According to an article in Nature Immunology researchers have used CRISPER Cas9 to discover a T-cell and its receptor that could find and kill a wide range of cancerous cells in the lab. While this discovery is the first of its kind, it is in the early stages and needs more research. There is potential in this discovery to identify new forms of cancer treatment.
The US Department of Health and Human Services (HHS) as issued the first Project BioShield contract to fund the development needed to support the expanded use of an existing antibiotic to treat exposure to inhalational anthrax.
Investigational therapeutics mAb114 and REGN-EB3 offer patients a greater chance of surviving Ebola virus disease compared to the investigational treatment ZMapp, according to published results from a clinical trial conducted in the Democratic Republic of the Congo (DRC).
Tychan‘s monoclonal antibody candidate treatment for Yellow Fever has successfully completed Phase 1A/1B safety trials in Singapore.
Researchers from McMaster University have manufactured a new antibacterial gel consisting entirely of bacteria-killing viruses. The new gel opens new doors for phage research in the era of antimicrobial resistance.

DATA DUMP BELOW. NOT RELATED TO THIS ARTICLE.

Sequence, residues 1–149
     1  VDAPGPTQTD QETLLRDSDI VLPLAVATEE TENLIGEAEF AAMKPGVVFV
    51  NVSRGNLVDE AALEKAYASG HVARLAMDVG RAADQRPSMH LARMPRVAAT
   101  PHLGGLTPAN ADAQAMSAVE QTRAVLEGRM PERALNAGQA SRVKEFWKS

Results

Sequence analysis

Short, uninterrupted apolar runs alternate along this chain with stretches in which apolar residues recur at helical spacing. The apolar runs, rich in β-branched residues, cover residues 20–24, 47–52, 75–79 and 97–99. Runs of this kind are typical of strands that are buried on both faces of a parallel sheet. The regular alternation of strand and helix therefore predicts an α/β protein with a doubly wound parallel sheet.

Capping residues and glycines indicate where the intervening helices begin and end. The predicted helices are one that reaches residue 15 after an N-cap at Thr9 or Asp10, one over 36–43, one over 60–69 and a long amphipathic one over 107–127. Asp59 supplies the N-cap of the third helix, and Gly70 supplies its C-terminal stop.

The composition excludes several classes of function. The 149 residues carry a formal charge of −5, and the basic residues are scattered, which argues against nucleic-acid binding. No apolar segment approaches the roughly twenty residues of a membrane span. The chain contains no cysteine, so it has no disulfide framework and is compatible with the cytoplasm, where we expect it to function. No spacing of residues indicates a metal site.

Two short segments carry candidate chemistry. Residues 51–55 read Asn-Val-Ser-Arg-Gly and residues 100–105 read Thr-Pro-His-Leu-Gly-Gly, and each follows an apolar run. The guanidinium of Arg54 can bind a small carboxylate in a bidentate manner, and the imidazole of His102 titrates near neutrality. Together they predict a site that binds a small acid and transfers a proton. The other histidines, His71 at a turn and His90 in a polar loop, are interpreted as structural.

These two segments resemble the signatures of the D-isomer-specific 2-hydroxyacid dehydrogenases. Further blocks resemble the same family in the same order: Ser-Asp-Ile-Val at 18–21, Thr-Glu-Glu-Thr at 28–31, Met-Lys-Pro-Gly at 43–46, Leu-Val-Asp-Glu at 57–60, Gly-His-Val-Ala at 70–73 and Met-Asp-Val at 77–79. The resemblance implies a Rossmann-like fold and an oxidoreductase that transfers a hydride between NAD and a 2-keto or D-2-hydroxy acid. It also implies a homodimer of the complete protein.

Yersinia pathogens inject the enzyme YopO into the macrophages of the immune system, preventing the defense cells from digesting the plague bacteria. This article outlines a study done on the ability of YopO to change its shape and confuse the immune system, allowing for a more targeted approach to treatment and possible eradication of Yersinia.
Treatment with BAT® [Botulism Antitoxin Heptavalent (Equine)] was associated with shorter hospital and intensive care unit stays.
The US Department of Health and Human Services (HHS) awarded a contract for $535 to Emergent BioSolutions Inc. for Vaccinia Immune Globulin Intravenous (VIGIV) to be used in the Strategic National Stockpile. VIGIV is the only therapeutic licensed by the US Food and Drug Administration (FDA) for the treatment of complications due to smallpox vaccination.
In a new study, remdesivir, an experimental antiviral drug, completely protected four African green monkeys from a lethal dose of Nipah virus,
Researchers say the discovery of a “hidden target” on the surface of the influenza A virus could lead to better ways to prevent and treat the flu.